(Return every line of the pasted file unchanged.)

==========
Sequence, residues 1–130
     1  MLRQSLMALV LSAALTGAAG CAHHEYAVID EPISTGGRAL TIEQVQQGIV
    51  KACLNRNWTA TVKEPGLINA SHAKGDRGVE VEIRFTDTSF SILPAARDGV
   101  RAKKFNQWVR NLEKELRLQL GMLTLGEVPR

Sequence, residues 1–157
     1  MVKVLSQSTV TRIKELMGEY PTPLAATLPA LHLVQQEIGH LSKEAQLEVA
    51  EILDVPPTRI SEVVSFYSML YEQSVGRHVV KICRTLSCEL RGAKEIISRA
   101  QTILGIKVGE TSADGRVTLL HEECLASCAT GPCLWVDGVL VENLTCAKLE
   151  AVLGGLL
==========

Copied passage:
Sequence, residues 1–130
     1  MLRQSLMALV LSAALTGAAG CAHHEYAVID EPISTGGRAL TIEQVQQGIV
    51  KACLNRNWTA TVKEPGLINA SHAKGDRGVE VEIRFTDTSF SILPAARDGV
   101  RAKKFNQWVR NLEKELRLQL GMLTLGEVPR

Sequence, residues 1–157
     1  MVKVLSQSTV TRIKELMGEY PTPLAATLPA LHLVQQEIGH LSKEAQLEVA
    51  EILDVPPTRI SEVVSFYSML YEQSVGRHVV KICRTLSCEL RGAKEIISRA
   101  QTILGIKVGE TSADGRVTLL HEECLASCAT GPCLWVDGVL VENLTCAKLE
   151  AVLGGLL